Put up a million dollar bonus, it seems, and the highly unlikely will quickly become probable. Canada’s Triple Crown had not been won since 1963, but along came the Bank of Montreal earlier this year to dangle a million-dollar bonus and, sure enough, along came With Approval to end the Triple Crown drought.
Kinghaven Farms’ roan homebred strolled to a 71/2-length victory in the Breeders’ Stakes at Woodbine in Toronto on Aug. 20. He had set himself up for the huge payday by recording narrow victories in the Queen’s Plate (Can-IR) at Woodbine on July 10 and Prince of Wales Stakes (Can-IR) at Fort Erie Racetrack July 31.
This was a triumph painted by some as one of Canada’s all-time great bank robberies, but it was actually a group of Lloyd’s of London insurance underwriters which had to come up with the $1 million (Canadian Funds). The Ontario Jockey Club and Bank of Montreal, which received a flood of attention for the first year of its Triple Crown sponsorship, spent $100,000 to ensure the inaugural bonus. Because there was a claim, the partnership had to pay another $50,000 in premiums, essentially the deductible.
The Lloyd’s people have not had much luck with this type of venture during the past six years. The Ontario Jockey Club, New York Racing Association, and Laurel Race Course joined forces in 1983 to create a triple out of Woodbine’s Rothmans International (G1T), Aqueduct’s Turf Classic (G1T), and Laurel’s Washington, D.C. International (G1T). It was supposed to be a near-impossible task, or at least that’s what a Lloyd’s group must have thought when they accepted the $1-million risk for a premium of only $16,500. They watched with horror as All Along waltzed through the series with ease, and that was the end of the $1-million bonus for the turf series.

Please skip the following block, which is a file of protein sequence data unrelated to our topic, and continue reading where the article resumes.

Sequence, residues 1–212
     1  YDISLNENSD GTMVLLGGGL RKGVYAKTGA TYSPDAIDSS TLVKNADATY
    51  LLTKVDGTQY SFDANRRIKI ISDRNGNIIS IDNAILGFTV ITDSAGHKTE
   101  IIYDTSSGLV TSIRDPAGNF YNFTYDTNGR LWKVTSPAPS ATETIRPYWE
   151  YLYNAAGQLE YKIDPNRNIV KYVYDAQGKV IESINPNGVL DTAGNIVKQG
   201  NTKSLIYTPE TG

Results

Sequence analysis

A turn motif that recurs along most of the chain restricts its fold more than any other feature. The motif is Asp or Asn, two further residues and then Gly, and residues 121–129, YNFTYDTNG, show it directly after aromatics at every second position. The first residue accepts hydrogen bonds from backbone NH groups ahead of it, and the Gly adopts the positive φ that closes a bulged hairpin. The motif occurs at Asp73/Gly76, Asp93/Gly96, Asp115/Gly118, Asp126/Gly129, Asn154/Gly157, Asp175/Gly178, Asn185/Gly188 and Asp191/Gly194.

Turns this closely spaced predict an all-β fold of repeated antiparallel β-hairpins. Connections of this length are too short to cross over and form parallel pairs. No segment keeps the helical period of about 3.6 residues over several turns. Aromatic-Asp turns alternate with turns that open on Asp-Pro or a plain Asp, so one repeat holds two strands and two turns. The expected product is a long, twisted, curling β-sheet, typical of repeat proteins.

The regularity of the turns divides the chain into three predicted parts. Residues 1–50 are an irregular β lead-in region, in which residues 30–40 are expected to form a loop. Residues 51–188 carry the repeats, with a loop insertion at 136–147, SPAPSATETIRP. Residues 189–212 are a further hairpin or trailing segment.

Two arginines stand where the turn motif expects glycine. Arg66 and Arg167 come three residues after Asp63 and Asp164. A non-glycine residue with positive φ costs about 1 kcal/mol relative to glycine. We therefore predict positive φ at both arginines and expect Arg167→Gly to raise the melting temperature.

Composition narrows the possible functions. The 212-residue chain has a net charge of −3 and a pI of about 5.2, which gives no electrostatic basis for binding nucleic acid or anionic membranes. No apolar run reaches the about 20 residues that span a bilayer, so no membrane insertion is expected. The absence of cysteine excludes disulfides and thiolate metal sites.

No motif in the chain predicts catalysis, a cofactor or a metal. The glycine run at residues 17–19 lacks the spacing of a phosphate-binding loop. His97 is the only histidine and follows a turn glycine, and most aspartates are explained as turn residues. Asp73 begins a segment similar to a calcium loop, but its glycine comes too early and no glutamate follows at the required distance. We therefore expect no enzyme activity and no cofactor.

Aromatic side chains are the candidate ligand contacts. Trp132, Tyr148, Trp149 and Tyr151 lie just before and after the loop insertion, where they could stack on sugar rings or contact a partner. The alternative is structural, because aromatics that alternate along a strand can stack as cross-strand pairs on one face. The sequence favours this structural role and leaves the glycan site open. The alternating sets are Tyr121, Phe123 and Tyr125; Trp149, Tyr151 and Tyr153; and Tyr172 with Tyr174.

NYRA itself arranged for a $1-million enticement for its old fall championship: The Woodward Stakes (G1), the Marlboro Cup (G1), and Jockey Club Gold Cup (G1). Slew o’ Gold swept the three races in 1984, and the bonus was dropped when insurance premiums skyrocketed.
Then, too, there was the $2-million Garden State bonus of 1985 which led to the still-to-be-captured $5-million payoff for winning the United States Triple Crown today. Spend a Buck accomplished what had seemed highly improbable when he marched through the 1985 Cherry Hill Mile, Garden State Stakes, Kentucky Derby (G1), and Jersey Derby. That was another bonus that died a quick death.
Premiums for the Bank of Montreal Triple Crown are due to go as high as $470,000 Canadian for next year; insurance people might no longer want to hear how difficult it is to win Canada’s Triple Crown. In the immediate aftermath of the victory, however, bank chairman William Mulholland said he had every intent of continuing to offer the bonus.
The series had gained its reputation for difficulty slowly since the three races were designated officially the Triple Crown. As with many legends, however, there are other factors. New Providence won the inaugural crown and Canebora followed up four years later, but those two Windfields Farm colts were the only Queen’s Plate winners during the Crown’s first eight years to even enter the Prince of Wales.
Also, Canada’s Triple Crown of the late 1980s is much different than its cousin of 20 years ago. The three races now are spaced just six weeks apart, instead of 16 weeks. The Prince of Wales is now at 1 3/16 miles on the dirt instead of a mile-and-a-half on what was usually a soggy Fort Erie grass course.